“Before you become a leader, success is all about growing yourself. After you become a leader, success is about growing others.” – Jack Welch
Research has shown that as leaders rise up in the ranks, their proficiency in nurturing talent declines rather than increases.
Too often, they’re not promoted based on their managerial ability. They’re promoted because of the skills that allowed them to excel in their previous role—not in the role they’re about to step into. When that continuously happens, organizations aren’t maximizing the potential of their leaders—or getting the most out of their workforce as a whole. Leaders should always be working to develop new leaders, helping their employees develop the skillsets that will allow them to effectively manage others.
Other factors may also inhibit leaders from investing time in developing their employees’ leadership abilities. They might feel like they’re so busy juggling time-sensitive projects and deadlines that they don’t have time to focus on the development of new leaders. They’re tasked with achieving bottom-line results, and they don’t see talent development as a measurable goal.
The ability to develop people’s talent is one of the most vital qualities for high-level leaders. At the executive level, cultivating effective teams is perhaps the most essential role of a leader—meaning the complexity of managing people and nurturing their growth increases. They need to further their people’s growth not just as employees but as leaders. Thus, smart organizations create succession plans that include training and mentoring in how to support employees in their development.
First, identify which leaders need to start more effectively guiding their people’s development. Then, take action to help them grow as leaders rather than just bosses.
How can you develop your talent? Here are seven key steps to developing your organization’s leaders.
1. Schedule regular one-on-one sessions with them once a week. During these sessions, speak about your own experiences in helping others to grow.
2. Identify skilled leaders in high-level positions in your organization, and hold leadership seminars where they share best practices with a large group of managers. These sessions can include:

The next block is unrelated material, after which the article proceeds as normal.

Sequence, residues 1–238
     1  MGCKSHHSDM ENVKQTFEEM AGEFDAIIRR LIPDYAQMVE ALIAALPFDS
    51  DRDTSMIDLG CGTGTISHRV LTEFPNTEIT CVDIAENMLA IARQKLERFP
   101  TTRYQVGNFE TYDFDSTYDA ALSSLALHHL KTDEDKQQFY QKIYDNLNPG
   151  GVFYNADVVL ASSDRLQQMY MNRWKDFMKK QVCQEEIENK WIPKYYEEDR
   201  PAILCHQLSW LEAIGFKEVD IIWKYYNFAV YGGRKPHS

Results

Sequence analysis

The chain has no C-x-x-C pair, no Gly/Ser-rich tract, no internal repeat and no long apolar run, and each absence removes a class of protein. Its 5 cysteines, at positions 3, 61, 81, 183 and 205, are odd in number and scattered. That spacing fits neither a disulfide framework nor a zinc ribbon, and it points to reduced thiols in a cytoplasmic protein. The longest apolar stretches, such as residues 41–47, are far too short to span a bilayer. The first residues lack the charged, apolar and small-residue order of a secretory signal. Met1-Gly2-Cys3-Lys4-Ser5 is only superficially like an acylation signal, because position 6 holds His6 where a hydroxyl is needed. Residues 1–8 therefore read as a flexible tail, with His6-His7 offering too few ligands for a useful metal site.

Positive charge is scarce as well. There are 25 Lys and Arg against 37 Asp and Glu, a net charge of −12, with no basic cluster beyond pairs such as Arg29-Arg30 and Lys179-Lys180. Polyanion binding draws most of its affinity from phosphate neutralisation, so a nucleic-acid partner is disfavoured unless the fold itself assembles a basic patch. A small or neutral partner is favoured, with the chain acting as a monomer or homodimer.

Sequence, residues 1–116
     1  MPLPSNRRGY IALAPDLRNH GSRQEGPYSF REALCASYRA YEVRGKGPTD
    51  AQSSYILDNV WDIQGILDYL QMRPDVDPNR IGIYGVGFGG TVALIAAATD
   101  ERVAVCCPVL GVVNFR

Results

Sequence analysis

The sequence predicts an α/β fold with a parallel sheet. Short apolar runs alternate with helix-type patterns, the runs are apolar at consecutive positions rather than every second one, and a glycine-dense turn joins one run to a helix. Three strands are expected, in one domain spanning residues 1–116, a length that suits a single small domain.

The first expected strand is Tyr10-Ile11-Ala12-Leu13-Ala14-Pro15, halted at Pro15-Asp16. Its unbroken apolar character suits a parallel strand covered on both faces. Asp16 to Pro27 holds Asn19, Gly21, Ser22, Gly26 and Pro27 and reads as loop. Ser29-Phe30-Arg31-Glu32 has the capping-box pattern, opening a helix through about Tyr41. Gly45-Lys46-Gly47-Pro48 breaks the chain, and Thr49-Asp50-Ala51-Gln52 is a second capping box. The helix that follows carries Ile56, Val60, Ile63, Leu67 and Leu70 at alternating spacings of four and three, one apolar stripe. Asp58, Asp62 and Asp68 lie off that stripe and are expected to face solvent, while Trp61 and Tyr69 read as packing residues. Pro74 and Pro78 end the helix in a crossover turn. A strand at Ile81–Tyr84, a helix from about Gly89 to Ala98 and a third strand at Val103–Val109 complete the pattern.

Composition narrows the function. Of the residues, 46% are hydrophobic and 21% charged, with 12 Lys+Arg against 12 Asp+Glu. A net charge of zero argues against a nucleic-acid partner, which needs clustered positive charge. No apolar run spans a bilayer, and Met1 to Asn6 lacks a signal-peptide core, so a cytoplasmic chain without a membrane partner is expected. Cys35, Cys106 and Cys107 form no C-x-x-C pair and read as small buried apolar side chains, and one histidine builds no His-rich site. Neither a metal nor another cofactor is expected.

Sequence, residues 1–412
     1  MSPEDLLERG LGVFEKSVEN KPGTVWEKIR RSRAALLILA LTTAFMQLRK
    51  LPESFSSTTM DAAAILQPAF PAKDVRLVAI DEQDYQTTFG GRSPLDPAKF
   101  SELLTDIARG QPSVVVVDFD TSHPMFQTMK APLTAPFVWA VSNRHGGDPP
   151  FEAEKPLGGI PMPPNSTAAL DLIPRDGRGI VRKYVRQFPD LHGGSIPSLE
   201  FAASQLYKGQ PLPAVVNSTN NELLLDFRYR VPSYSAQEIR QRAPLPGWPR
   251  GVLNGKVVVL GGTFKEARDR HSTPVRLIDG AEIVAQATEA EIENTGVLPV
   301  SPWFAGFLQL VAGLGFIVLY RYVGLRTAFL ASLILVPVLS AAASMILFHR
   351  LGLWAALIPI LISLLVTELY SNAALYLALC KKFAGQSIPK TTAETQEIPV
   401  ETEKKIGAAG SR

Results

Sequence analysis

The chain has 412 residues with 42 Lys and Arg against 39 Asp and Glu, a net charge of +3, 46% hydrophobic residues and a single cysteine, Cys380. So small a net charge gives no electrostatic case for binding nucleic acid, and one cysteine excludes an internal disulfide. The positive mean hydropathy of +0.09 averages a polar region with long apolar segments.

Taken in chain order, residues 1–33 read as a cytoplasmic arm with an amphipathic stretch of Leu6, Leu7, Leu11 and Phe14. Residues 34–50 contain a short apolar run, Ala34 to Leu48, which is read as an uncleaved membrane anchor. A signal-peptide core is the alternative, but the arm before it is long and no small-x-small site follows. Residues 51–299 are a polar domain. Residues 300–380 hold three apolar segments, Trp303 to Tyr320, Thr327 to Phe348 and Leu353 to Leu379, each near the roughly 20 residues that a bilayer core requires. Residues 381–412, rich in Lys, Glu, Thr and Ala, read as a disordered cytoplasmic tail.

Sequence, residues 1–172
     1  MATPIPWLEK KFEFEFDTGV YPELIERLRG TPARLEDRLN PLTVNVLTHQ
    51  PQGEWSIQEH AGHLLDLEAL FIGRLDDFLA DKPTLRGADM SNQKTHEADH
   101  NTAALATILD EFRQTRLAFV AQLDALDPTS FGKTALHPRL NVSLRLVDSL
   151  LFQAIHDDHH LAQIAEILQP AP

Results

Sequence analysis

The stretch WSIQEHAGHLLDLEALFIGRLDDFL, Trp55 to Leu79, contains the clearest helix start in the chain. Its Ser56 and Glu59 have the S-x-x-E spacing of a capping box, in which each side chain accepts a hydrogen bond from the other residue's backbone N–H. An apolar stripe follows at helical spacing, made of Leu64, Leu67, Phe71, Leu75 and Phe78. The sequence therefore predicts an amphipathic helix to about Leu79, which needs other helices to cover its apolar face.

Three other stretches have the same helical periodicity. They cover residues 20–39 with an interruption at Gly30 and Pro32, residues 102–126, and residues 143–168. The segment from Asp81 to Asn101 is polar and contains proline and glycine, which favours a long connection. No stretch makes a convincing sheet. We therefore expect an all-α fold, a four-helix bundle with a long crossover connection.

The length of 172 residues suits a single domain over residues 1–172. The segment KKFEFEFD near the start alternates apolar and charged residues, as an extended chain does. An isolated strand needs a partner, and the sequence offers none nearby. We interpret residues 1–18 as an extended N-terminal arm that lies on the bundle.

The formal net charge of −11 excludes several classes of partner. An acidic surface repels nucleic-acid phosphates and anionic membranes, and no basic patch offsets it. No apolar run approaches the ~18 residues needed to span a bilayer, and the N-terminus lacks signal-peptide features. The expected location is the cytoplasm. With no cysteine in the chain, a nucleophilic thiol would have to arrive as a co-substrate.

- Stories that illustrate how they learned to put leadership skills into practice and the techniques they use regularly.
- Role-playing scenarios with peers that let them put the tools they’ve shared into practice.
- On-the-job simulations where a coach assumes the role of direct report and asks for guidance in a particular area.
- Q&A sessions where managers can ask for clarity on points of confusion.
3. Ask the seminar attendees to present workshops on what they’ve learned to their own teams, which will solidify their knowledge while enhancing their direct reports’ growth.
4. Prompt them to learn by doing, asking them to step into situations on the job where they can use their newfound knowledge. For instance, ask them to identify one area in which a direct report needs coaching, and to begin providing that guidance.
- Encourage risk-taking as budding leaders grow their skills. Putting a new technique or idea into practice means taking a risk, but by trying new things, they’ll learn what works for them—and then perfect it.
- Give them plenty of mentorship as they navigate this new terrain, modeling the skills you want them to share with others. Through hands-on learning supported by the advice of a trusted coach, they’ll turn knowledge into skills.
- Prompt them to engage in peer mentoring, teaming up with another seminar attendee to jointly enhance their leadership skills by coaching one another. By talking through questions that arise on a weekly basis (or more frequently) and giving one another feedback on their progress, they’ll gain valuable coaching experience.
5. Connect each leader with a mentor, and give them opportunities to interact with multiple high-level leaders who can inspire their growth and share advice.
- Encourage them to attend a conference and speak with five inspirational leaders, which can provide a great deal of motivation, wisdom, and helpful connections.
- Hold lunches where groups of budding leaders can meet potential mentors and talk with them informally, promoting relationship-building.
6. Ask leaders to connect their own direct reports with other leaders who can support their growth by providing valuable perspectives, such as people in other organizational functions.
7. Identify additional resources that can help develop your talented leaders Here are a few ideas:
- Hold trainings by an outside professional, asking leaders to again take notes and present the key points to their direct reports.
- Develop presentations that can help leaders present ongoing workshops to their own teams. Include plenty of discussion prompts in each module, with the aim of sparking conversation and active discovery on the part of both leaders and their direct reports.
- Place a library of books on leadership in the break room.
As you develop your talent, you can grow a teaching culture within your organization. At all levels of the organization, leaders will continue striving to develop other leaders, seeing that ability as a hallmark of success. This emphasis on supporting others’ growth will bring countless benefits, promoting an engaged workforce, strong communication, and enhanced productivity throughout the workplace.
Joel is a master of helping people reach their full leadership potential. Contact him to learn how he can help you get more from your people by developing leaders at all levels of your organization.